The second stop on my memoir revisitation tour that primarily emphasize time and place is Haven Kimmel’s wildly popular volume, A Girl Called Zippy: Growing up Small in Mooreland, Indiana. I didn’t know this memoir, published in 2002, had already become a classic when I added it to my pile at a Friends of the Library used book sale  four or five years ago, and it sat on my shelf for a couple of years. In fact, I thought the cover looked and sounded a little dopey, and I almost donated it back unread. Fortunately word leaked out that it was a Significant Book.

Three years ago my husband and I took a road trip from Pittsburgh down to Austin and home via New Mexico. We grew tired of listening to audio books, and I began reading Zippy aloud when I wasn’t driving. Somewhat to my surprise, my husband enjoyed it, so I continued reading, finishing the book in three days (nearly losing my voice in the process. Not only did he enjoy it, he provided an insightful critique that I included in a post on The Heart and Craft of Life Writing.

Over time, I lost track of most of the elements of his critique, remembering only that the book was often funny, even hilarious, and that it consisted more of snippets than a developed story line. So I pulled it off the shelf and began rereading. The first thing I’m noticing is that reading a book aloud is quite a lot different from reading it silently. I love reading aloud, dramatizing the book as I read, as I imagine the author would have me do. I occasionally daydream of a career as a professional reader for audio book companies. But reading aloud precludes stopping to savor especially delicious lines, backtracking to double-check things, or skimming over dull or tedious spots. It’s also easy to miss subtleties.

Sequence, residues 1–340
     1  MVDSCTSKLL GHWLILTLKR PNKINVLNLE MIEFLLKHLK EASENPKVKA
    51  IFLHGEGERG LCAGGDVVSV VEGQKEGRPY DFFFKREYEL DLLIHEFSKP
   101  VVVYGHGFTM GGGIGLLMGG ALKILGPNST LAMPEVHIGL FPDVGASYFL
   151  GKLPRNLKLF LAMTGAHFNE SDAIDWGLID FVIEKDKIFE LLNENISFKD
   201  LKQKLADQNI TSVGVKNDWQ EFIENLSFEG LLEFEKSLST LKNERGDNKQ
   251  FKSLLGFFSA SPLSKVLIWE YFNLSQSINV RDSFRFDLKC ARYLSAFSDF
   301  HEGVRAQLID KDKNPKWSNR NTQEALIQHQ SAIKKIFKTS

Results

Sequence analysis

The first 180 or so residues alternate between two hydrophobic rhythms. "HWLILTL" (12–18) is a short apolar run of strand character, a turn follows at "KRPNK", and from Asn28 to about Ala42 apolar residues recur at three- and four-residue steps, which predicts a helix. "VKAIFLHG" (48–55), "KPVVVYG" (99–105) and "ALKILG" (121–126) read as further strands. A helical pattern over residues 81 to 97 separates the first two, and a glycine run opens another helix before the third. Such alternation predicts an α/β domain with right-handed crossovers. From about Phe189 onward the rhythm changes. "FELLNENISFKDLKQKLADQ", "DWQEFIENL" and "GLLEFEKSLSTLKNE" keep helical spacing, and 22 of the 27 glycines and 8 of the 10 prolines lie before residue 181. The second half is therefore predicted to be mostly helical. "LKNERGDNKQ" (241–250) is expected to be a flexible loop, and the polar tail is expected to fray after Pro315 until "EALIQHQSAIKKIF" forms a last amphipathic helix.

On this read I’m more aware of the structure of her component story-chapters and how skillfully she braids two or three memories into a single strand, surely drawing on composite memory for additional color and vibrancy. I haven’t yet read far enough to rediscover the jumping around and repetition that annoyed us earlier.

The combination of Annie’s and Haven’s books inspired me to begin the morning by jotting key memories on tiny Post-It® notes I’m arranging on a large sheet of newsprint as an elaboration of the mindmap I referred to earlier.

I agree with all the experts who encourage you to “just write a draft — get your story on paper first,” but only to a certain extent. I stand firmly by my position in The Heart and Craft of Lifestory Writing that the writing process is as personal as your fingerprint, and you must find your own way.

I see it as being similar to cooking. I’m an intuitive cook. I read cookbooks and magazines for inspiration, then work with what I have, occupationally making a special trip to the store for special ingredients. I almost never follow a recipe precisely. I’ve read piles of books on writing, some of them about writing memoir, and now you are reading my twist on the process. You’ll find your own.

Now, back to the draft of the current story, incorporating a couple I wrote a few years ago…

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